Scientists have found a link between sunlight and suicide rates — but not in the way you’d expect.
As summer winds down, concern turns to seasonal affective disorder, in which too little sun can bring on depression. But the data shows that it’s in springtime, as days get longer again and sunshine returns, that the suicide rate peaks.
Studies on seasonal variations among suicides have been done for centuries, but the actual effect of sunshine has been unclear because, along with changes in sunlight, new seasons bring temperature changes and other factors that may influence suicide risk, such as holidays.
Three decades of data
The team of scientists led by Dr. Matthaeus Willeit from the University of Vienna took a closer look at the role of sunshine by using information on 69,462 suicides that occurred in Austria between January 1970 and May 2010. That information was then matched to data collected from 86 weather stations that recorded the hours of sunshine per day.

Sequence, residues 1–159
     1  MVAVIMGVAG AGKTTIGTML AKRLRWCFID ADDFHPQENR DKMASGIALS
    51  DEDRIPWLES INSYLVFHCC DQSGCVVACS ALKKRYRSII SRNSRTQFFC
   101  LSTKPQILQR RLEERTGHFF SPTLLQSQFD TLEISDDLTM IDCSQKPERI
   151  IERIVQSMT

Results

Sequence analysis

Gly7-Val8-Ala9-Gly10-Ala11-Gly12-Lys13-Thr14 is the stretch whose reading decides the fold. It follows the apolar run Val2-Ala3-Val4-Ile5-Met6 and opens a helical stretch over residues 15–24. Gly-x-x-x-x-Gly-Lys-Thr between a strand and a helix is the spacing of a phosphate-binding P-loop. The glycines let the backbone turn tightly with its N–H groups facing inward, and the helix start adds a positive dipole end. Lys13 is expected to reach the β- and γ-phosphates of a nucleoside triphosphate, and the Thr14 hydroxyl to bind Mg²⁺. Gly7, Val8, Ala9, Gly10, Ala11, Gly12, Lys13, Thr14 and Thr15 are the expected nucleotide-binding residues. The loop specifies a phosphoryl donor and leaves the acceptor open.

What happenson sunny days
Willeit’s team discovered a correlation: Suicide risk went up with the amount of sunshine over the previous 10 days. However, it also decreased with increasing sun exposure between 14 to 60 days earlier. Sunlight, they suggest, may increase the risk of suicide over a short period but actually protect against it over a longer period of time.
Lower impulse control
“Light has an influence on serotonin, and serotonin has an influence on mood and suicidality,” Willeit says. Antidepressants that boost the body’s levels of serotonin have been known to affect impulsivity first, then mood later on. That early effect on impulsivity may explain the increased suicide risk over a short period of time, and the delayed effect on mood may explain the lower risk over a longer time span.
Don’t avoid the sun
People shouldn’t keep out of the sun based on the study’s findings, says Willeit. Instead, doctors should consider adding sunshine to the list of factors that may influence the risk of suicide. “Suicide is complicated and has many risk factors. People always tend to think of it in either biological or social terms, but there is no single cause. It’s a bunch of risk factors that you have.”